64 If, as we said before, the Church has a true realization of what the Lord wishes it to be, then within the Church there arises a unique sense of fullness and a need for outpouring, together with the clear awareness of a mission which transcends the Church, of a message to be spread. It is the duty of evangelization. It is the missionary mandate. It is the apostolic commission.
An attitude of preservation of the faith is insufficient. Certainly we must preserve and also defend the treasure of truth and of grace which has come to us by way of inheritance from the Christian tradition. "Keep safe what has been entrusted to thee," warns St. Paul. (1Tm 6,20) But neither the preservation nor the defense of the faith exhausts the duty of the Church in regard to the gifts which it possesses.
The duty consonant with the patrimony received from Christ is that of spreading, offering, announcing it to others. Well do we know that "going, therefore, make disciples of all nations" (Mt 28,19) is the last command of Christ to His Apostles. By the very term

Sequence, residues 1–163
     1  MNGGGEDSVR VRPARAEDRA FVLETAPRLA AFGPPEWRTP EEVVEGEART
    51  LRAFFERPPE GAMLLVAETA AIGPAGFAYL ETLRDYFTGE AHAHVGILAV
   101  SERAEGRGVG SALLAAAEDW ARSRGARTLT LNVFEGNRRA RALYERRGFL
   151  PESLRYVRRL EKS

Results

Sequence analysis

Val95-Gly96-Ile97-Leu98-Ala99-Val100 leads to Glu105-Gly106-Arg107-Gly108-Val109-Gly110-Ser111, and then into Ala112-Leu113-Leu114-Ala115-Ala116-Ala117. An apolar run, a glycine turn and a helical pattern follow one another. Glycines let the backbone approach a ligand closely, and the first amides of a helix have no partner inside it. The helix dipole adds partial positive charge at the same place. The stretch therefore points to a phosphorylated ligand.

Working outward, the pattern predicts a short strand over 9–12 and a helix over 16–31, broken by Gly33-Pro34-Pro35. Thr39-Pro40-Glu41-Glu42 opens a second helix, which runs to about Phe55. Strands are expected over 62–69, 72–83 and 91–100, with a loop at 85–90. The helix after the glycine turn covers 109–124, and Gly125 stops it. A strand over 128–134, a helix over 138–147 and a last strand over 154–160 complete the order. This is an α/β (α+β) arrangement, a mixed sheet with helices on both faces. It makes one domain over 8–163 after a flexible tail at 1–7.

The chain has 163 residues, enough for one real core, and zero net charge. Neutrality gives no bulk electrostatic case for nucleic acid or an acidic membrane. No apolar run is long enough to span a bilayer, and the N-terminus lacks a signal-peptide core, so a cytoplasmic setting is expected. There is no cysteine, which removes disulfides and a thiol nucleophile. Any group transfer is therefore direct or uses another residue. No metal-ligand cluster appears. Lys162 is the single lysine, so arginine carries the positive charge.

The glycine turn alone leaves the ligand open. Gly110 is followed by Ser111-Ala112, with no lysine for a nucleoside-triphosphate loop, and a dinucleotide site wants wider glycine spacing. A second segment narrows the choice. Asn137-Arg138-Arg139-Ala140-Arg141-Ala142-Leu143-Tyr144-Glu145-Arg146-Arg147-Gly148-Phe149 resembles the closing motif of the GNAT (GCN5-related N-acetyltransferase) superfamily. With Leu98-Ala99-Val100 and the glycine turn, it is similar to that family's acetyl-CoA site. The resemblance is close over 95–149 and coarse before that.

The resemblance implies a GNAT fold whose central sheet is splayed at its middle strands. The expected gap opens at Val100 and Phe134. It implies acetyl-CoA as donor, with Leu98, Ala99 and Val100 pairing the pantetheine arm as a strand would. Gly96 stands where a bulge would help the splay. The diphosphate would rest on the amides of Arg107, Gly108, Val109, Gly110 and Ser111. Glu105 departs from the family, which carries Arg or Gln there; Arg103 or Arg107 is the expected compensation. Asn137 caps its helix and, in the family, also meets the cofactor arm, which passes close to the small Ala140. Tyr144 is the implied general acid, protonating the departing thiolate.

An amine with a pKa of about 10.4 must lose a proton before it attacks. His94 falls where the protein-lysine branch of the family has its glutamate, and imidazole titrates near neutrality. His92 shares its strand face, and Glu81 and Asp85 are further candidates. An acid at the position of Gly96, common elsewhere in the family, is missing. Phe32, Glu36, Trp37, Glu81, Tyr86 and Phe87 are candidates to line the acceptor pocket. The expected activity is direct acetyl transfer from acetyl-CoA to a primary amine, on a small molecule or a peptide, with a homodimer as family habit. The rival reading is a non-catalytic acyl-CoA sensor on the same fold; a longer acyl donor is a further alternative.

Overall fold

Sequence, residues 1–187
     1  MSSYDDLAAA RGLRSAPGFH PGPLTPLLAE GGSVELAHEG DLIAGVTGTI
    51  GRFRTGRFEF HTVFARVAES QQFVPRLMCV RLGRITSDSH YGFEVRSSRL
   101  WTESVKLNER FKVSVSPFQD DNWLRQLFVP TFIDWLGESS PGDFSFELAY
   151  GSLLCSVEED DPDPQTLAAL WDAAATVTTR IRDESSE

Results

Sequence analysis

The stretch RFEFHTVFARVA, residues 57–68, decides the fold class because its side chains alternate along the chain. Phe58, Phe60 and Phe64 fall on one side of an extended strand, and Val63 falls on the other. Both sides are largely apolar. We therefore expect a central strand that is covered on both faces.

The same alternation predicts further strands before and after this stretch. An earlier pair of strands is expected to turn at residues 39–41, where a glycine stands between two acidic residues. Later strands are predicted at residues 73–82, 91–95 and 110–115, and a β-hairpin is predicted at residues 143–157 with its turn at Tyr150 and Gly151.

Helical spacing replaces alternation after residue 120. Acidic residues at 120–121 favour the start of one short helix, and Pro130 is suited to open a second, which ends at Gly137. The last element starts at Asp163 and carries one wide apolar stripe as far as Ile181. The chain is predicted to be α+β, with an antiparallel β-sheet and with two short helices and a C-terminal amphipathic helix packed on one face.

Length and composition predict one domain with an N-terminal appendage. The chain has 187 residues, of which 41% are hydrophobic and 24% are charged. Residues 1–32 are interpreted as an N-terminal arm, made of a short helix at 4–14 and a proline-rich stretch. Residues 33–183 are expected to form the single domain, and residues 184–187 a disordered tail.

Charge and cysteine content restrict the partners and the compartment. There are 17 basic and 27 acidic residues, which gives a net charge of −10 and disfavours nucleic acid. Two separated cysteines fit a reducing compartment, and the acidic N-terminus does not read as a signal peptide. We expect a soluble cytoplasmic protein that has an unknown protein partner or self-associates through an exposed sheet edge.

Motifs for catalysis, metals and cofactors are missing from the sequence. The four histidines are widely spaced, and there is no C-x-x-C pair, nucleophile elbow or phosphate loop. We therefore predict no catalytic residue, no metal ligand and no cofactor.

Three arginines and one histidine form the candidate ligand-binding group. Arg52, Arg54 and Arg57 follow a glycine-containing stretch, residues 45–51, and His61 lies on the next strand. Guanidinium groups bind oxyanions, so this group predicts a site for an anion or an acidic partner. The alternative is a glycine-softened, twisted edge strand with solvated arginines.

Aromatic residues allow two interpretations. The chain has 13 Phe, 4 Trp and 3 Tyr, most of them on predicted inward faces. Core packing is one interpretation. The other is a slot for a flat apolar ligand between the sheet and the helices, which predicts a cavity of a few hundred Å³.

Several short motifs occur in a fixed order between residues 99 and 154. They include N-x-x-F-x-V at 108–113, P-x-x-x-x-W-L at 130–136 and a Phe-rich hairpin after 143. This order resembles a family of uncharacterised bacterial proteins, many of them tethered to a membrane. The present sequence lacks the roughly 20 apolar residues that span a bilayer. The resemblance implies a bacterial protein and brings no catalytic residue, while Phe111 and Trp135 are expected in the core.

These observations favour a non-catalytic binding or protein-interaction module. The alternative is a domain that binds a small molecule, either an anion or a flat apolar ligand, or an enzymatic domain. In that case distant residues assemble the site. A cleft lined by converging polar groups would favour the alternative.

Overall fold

«apostles" these men define their inescapable mission. To this internal drive of charity which tends to become the external gift of charity we will give the name of dialogue, which has in these days come into common usage.
65 The Church should enter into dialogue with the world in which it exists and labors. The Church has something to say; the Church has a message to deliver; the Church has a communication to offer.
66 It is no secret that this important facet of the contemporary life of the Church will be specially and fully studied by the Ecumenical Council, and we have no desire to undertake the concrete examination of the themes involved in such today, in order to leave to Fathers of the Council full freedom in discussing them. We wish only to invite you, Venerable Brethren, to preface such study with certain considerations in order that we see more clearly the motives which impel the Church toward the dialogue, the methods to be followed, and the goals to be achieved. We wish to give, not full treatment to topics, but proper disposition to hearts.